Kids' Entertainment

'Alma's Way,' a new children's series on PBS Kids, introduces young viewer to Puerto Rican culture a...
PBS Kids

New Children’s Series Alma’s Way Introduces Kids To Puerto Rican Food Like Mofongo

Take a sneak peek at PBS Kids' new children's series Alma's Way with Romper’s exclusive clip.

A new animated series is coming to PBS Kids that promises to introduce viewers to Latin cultures. Created by Sonia Manzano, who delighted viewers as Maria on Sesame Street for more than 40 years, Alma’s Way centers around a 6-year-old Puerto Rican girl who lives in the Bronx with her family. In a clip from Alma’s Way exclusively shared with Romper, Alma attempts to figure out how she can fix the mistake she’s made with her mother’s mofongo.

As the newest show from Fred Rodgers Productions — which has brought children Daniel Tiger’s Neighborhood and, of course, Mister Roger’s Neighborhood Alma’s Way aims to help children age 4 to 6 learn to appreciate and respect others’ unique heritage and cultures. Each episode of the upcoming animated series will introduce children to different aspects of Latino cultures, including food, music, language, and traditional customs.

In an exclusive clip shared with Romper, viewers get a sneak peek at one of Alma’s signature “Think Through” moments. In this one, Alma realizes she’s messed up her mother’s mofongo, a traditional Puerto Rican dish made with mashed fried green plantains, and stops to process what happened and what can be done.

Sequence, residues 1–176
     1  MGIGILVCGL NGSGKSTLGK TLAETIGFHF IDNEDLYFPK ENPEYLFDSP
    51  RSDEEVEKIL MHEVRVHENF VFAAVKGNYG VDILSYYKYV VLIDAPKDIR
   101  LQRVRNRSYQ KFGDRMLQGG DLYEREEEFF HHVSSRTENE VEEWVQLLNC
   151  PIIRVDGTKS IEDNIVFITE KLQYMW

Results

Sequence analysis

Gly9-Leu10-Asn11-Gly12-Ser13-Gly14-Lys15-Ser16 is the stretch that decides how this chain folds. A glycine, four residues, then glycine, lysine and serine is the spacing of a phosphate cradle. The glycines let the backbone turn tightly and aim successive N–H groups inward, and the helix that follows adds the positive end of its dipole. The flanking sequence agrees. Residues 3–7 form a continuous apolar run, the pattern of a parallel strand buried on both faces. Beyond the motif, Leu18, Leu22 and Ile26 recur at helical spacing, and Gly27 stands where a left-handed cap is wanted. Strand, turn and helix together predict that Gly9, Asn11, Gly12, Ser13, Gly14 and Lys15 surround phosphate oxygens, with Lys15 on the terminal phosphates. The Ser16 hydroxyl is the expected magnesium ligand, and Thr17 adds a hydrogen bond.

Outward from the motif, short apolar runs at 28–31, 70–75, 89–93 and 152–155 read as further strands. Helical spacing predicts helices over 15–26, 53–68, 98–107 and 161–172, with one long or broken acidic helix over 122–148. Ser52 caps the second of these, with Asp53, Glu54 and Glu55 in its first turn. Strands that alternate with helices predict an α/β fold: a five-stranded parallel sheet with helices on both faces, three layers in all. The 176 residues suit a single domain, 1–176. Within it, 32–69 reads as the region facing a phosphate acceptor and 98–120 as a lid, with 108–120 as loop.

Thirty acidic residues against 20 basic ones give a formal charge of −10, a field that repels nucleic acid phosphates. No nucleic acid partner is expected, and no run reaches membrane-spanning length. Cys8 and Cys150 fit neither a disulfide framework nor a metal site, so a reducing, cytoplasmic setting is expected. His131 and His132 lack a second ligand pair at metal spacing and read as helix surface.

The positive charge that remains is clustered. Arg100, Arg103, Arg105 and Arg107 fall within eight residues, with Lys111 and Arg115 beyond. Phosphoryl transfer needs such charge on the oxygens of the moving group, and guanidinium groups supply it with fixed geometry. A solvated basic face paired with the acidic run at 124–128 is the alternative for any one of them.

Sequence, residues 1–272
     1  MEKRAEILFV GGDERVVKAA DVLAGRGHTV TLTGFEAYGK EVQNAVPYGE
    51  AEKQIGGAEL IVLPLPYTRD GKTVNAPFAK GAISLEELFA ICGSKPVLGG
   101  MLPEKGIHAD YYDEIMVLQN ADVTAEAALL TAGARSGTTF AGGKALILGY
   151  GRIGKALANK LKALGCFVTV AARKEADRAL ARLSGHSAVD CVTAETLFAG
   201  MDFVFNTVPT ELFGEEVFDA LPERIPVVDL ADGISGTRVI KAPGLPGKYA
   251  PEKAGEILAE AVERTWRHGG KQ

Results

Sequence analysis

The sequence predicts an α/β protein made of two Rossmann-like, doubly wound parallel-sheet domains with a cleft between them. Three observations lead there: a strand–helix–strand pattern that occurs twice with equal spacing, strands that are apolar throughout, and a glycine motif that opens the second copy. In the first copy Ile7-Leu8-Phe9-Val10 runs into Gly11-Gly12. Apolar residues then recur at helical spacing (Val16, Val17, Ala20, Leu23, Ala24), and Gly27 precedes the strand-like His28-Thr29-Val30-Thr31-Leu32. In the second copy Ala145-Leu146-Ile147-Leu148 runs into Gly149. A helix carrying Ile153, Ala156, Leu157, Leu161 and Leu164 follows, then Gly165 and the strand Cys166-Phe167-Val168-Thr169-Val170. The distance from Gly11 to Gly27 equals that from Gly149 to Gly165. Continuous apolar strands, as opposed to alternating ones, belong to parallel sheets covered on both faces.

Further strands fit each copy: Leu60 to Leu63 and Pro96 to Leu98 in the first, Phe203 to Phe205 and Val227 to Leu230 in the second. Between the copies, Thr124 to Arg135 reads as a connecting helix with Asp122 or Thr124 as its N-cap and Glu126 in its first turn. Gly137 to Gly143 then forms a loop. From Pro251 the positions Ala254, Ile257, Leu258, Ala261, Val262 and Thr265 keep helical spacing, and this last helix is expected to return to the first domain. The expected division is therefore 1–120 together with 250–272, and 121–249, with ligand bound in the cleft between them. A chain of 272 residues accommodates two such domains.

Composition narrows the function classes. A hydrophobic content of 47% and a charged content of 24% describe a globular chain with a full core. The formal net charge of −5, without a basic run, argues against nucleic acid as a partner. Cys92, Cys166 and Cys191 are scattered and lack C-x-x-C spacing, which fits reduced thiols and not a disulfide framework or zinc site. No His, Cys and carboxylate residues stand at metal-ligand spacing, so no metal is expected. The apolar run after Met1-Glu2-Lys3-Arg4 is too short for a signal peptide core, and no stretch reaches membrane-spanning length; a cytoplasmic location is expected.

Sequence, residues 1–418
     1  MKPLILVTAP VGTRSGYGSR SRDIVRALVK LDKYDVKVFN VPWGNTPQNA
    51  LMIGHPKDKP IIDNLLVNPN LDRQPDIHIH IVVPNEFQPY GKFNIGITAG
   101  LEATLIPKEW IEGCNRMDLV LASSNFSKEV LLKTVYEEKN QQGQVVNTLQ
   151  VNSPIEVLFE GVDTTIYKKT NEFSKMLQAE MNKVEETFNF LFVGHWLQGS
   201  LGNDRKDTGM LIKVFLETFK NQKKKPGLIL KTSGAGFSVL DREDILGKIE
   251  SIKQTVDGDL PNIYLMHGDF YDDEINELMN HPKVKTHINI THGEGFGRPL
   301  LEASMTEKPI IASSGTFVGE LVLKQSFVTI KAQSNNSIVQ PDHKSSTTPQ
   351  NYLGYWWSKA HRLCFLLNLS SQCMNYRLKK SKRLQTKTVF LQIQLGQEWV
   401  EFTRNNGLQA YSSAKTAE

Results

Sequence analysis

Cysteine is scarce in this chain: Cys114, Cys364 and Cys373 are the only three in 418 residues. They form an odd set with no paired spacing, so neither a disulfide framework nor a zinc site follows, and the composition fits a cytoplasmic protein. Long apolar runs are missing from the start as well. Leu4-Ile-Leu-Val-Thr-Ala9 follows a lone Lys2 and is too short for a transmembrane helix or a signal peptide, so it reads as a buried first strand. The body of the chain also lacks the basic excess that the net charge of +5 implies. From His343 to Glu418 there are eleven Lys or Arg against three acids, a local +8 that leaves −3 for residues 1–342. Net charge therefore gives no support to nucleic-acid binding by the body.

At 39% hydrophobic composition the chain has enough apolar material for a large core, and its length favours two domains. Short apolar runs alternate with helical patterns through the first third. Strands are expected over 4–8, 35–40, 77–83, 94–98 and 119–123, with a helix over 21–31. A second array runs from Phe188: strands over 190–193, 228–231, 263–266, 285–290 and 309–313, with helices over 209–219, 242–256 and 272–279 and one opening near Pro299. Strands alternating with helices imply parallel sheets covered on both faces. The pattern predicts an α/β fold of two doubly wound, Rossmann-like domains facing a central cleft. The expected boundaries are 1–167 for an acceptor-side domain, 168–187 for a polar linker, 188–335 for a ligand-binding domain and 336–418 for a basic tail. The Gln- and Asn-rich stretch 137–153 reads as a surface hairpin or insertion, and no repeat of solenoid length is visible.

“Everyone is already here for dinner and I've made Mommy’s mofongo worse,” Alma says in the clip. “I don’t know what to do. I’ve got to think about this.”

To figure out where she went wrong, Alma thinks back on what she did, revealing to viewers that she’d tried to talk to her mother about the mofongo while her mom was in the middle of an important task. Instead of waiting for her mother to be free, Alma took matters into her own hands and added ingredients to the mofongo with disastrous results.

“What should I have done instead?” the determined 6-year-old asks herself (and viewers).

It’s then that Alma remembers her father expressing gratitude when her mother gave him her opinion on something he’d cooked. “I should have waited till Mommy wasn’t busy and told her what I thought of her mofongo instead of trying to fix it myself,” she concludes.

PBS Kids tells Romper they hope the show will not only resonate with young Latino viewers but also help all children see how kids and families of all ethnicities and cultures can be both alike and different at the same time. Additional themes like critical thinking, problem solving, and the importance of expressing what you think and feel have also been infused into each episode.

Alma’s Way premieres Oct. 4 on all PBS Kids platforms and will be available to viewers in both English and Spanish.